FDG-PET, optimum MRI, neuropsychological evaluation)
at Ghent University Hospital . Based on these
examinations we found that the first patient (female) has
left medial temporal lobe epilepsy; the second one
(female) has right temporal lobe epilepsy. The third
patient’s (male) epileptic focus is suspected to be located
outside the temporal lobe. The hemisphere of seizure
onset is uncertain in his case.
The time course of the synchrony levels for different
groups and in different frequency bands shows a clear
distinction between wake and sleep. Moreover, it is
asymmetric when we compare the groups on the left and
right hand side of the scalp. We observed some particular
phenomena in different frequency ranges. They were
reproducible over the 3 days and nights the patient was
In the case of the patient with right temporal lobe
epilepsy, the electrode pairs F8-FT10, F8-T10, FT10-T10
and P8-TP10 showed an increased level of synchrony
during sleep, as compared to the other electrode pairs in
this group. Equally, an increase in synchrony was
observed for the corresponding pairs on the left hand side
of the scalp (F7-FT9, F7-T9, FT9-T9, P7-TP9) for the
patient with left medial temporal lobe epilepsy and for the
patient with extratemporal lobe epilepsy. The increased
synchrony of these 4 electrode pairs in the pathological
hemisphere during sleep was observed in the α-frequency
At each time instance the Phase Locking Values of
the 10 curves were averaged to obtain a mean value for
the group. In the awake state, the resulting curve in the
β-frequency range showed a greater mean for the
pathological hemisphere than for the healthy hemisphere
(see figure 2). Also, the pair which is least synchronized
on the pathological side is more synchronized than the
least synchronized pair on the healthy side.
Figure 2. Average level of local synchrony for a 10-hours
period in the frequency band 21-23 Hz during wake (left) and
sleep (right) for the patient with left medial temporal lobe
epilepsy. White corresponds to higher values of PLV.
On the front of the scalp we observed a particular
sleep-wake cycle (see figure 3) in the two temporal lobe
epilepsy patients. While the synchrony levels were spread
when the patients were awake, they converged during
sleep. For some pairs the PLV decreased with the
transition from wake to sleep, while other pairs showed an
increased PLV. This pattern was not detected for the
patient with extra temporal lobe epilepsy.
Figure 3. Time course (about 17 hours) of the 10 PLV curves in
the frontal group in the 41-43Hz-frequency band for the patient
with left medial temporal lobe, right temporal lobe and extra
temporal lobe epilepsy respectively. For the patients with
temporal lobe epilepsy wake (dashed line) and sleep (full line)
can be clearly distinguished: when the patient is asleep the levels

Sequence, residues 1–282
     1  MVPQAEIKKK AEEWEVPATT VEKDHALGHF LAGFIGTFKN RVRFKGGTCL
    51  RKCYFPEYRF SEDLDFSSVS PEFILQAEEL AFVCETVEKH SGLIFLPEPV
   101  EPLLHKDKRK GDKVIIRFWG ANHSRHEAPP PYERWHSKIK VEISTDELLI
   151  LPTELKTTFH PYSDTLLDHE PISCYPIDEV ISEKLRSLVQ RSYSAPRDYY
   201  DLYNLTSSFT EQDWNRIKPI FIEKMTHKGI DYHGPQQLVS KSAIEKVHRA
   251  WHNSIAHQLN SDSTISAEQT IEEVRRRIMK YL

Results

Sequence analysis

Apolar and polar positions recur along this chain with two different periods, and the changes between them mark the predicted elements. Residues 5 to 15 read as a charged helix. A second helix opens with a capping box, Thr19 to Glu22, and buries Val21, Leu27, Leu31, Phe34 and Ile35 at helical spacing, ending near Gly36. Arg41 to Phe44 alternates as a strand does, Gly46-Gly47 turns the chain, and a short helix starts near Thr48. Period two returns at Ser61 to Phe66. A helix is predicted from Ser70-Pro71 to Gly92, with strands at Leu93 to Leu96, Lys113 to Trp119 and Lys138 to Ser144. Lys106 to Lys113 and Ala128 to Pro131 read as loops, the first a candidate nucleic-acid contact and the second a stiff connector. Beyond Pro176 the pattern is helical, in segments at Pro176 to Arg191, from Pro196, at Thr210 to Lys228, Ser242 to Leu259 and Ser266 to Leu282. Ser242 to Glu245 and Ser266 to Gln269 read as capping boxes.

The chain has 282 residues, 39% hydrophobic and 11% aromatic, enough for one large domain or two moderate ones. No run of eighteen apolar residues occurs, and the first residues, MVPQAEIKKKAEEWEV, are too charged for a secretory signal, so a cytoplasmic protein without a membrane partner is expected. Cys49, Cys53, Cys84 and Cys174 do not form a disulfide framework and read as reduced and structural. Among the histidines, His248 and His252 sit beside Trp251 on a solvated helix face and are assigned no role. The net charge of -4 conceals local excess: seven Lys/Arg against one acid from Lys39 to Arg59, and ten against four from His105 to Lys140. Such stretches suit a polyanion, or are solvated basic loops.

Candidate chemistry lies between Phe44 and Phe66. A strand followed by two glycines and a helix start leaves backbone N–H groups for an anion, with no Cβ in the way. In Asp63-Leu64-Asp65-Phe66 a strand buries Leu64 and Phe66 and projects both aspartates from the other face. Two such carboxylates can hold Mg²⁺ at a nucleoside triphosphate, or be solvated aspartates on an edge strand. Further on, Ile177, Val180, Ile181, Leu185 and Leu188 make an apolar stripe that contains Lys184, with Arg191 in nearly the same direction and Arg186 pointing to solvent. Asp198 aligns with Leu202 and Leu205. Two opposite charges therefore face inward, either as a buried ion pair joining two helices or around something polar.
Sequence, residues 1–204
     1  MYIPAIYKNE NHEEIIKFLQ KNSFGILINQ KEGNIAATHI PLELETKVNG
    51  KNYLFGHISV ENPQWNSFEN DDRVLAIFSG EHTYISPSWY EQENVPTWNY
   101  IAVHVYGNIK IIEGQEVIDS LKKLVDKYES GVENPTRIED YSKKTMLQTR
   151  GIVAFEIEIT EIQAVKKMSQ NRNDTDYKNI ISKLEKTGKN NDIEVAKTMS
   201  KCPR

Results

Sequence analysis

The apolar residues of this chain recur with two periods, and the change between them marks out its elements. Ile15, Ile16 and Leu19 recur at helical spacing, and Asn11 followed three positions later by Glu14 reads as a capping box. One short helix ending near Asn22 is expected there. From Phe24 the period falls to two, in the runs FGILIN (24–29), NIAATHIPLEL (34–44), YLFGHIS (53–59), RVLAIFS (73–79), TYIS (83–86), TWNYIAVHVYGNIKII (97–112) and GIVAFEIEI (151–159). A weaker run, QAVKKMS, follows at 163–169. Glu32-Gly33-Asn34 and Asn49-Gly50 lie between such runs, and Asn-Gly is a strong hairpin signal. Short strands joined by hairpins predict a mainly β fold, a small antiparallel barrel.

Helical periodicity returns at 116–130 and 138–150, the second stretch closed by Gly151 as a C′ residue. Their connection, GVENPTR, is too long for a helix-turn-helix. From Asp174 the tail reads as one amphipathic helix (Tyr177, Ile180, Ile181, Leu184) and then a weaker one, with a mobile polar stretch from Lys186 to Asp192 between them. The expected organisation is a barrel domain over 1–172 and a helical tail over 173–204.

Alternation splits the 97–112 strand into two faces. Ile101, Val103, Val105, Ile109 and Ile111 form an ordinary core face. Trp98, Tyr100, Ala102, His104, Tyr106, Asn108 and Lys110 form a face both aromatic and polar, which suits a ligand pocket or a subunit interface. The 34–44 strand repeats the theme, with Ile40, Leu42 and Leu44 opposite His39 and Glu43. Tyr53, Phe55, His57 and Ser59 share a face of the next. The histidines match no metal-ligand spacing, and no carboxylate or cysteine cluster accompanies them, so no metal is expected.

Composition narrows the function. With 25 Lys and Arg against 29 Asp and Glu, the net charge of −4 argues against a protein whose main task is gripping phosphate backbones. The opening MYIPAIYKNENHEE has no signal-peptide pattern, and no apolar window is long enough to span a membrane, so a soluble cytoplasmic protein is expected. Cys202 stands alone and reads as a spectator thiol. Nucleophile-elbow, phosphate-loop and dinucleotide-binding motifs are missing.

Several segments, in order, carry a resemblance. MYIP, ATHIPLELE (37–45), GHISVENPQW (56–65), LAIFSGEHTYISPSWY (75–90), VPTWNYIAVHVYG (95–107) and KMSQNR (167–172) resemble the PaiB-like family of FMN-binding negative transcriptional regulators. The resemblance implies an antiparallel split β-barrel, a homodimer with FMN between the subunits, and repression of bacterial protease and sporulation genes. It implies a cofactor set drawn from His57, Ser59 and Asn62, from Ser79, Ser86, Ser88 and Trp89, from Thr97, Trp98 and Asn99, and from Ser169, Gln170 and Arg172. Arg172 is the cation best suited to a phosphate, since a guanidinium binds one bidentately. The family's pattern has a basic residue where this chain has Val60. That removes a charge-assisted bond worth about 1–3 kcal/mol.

of phase synchrony are closer to each other.
To our knowledge the changing phase synchronization
between EEG signals throughout the sleep-wake cycle of
epilepsy patients has not yet been reported in literature.
Most studies on phase synchronization between
signals recorded from different brain areas of epilepsy
patients have been performed on intracranial recorded
EEG. Usually only short time segments (a couple of
hours) have been considered.
While intracranial recorded EEG is usually of better
quality, containing less noise and artifacts, scalp EEG
recordings have the advantage of being non-invasive and
better covering the brain region. The fact that the whole
monitoring period is studied and that the evolution of
phase synchronization between electrode pairs are
compared with each other, opens new perspectives on the
brain dynamics of epilepsy patients.
For the frequency bands in the higher frequency
range spatial averaging within the groups defined on the
left and right hand side of the scalp revealed a greater
synchronization for interictal recorded EEG during wake
on the side of the epileptogenic focus. The higher the
frequency, the more pronounced this difference is. This
result is consistent with the findings of Mormann  who
found a higher level of synchronization in the pathological
The capability of determining the side of the
epileptogenic focus without necessity of recording actual
seizure activity has been reported in [3, 11] for
intracranial recorded EEG and in  for REM sleep
recordings. Such an evaluation of scalp EEG would be of
even higher diagnostical value.
Further investigation is needed to identify different
processes that give rise to epileptic seizures. This may
allow short or long term anticipation of seizures.
It may be suggested that the hemisphere showing a higher
level of synchrony for the awake state, as well as pairs of
fronto temporal and posterotemporal derivations showing
an increased synchrony during sleep, indicate the
pathological hemisphere. A particular sleep-wake pattern
of converging and diverging levels of synchrony for the
frontal pairs may suggest epilepsy from temporal origin.
These results show an altered brain dynamics for
patients with different types of epilepsy. Study of this
dynamics by examining phase synchronies as a function
of time for different regions on the scalp may give
information on the pathological hemisphere and the type
of epilepsy. Further studies are needed to eventually
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Basic Models and the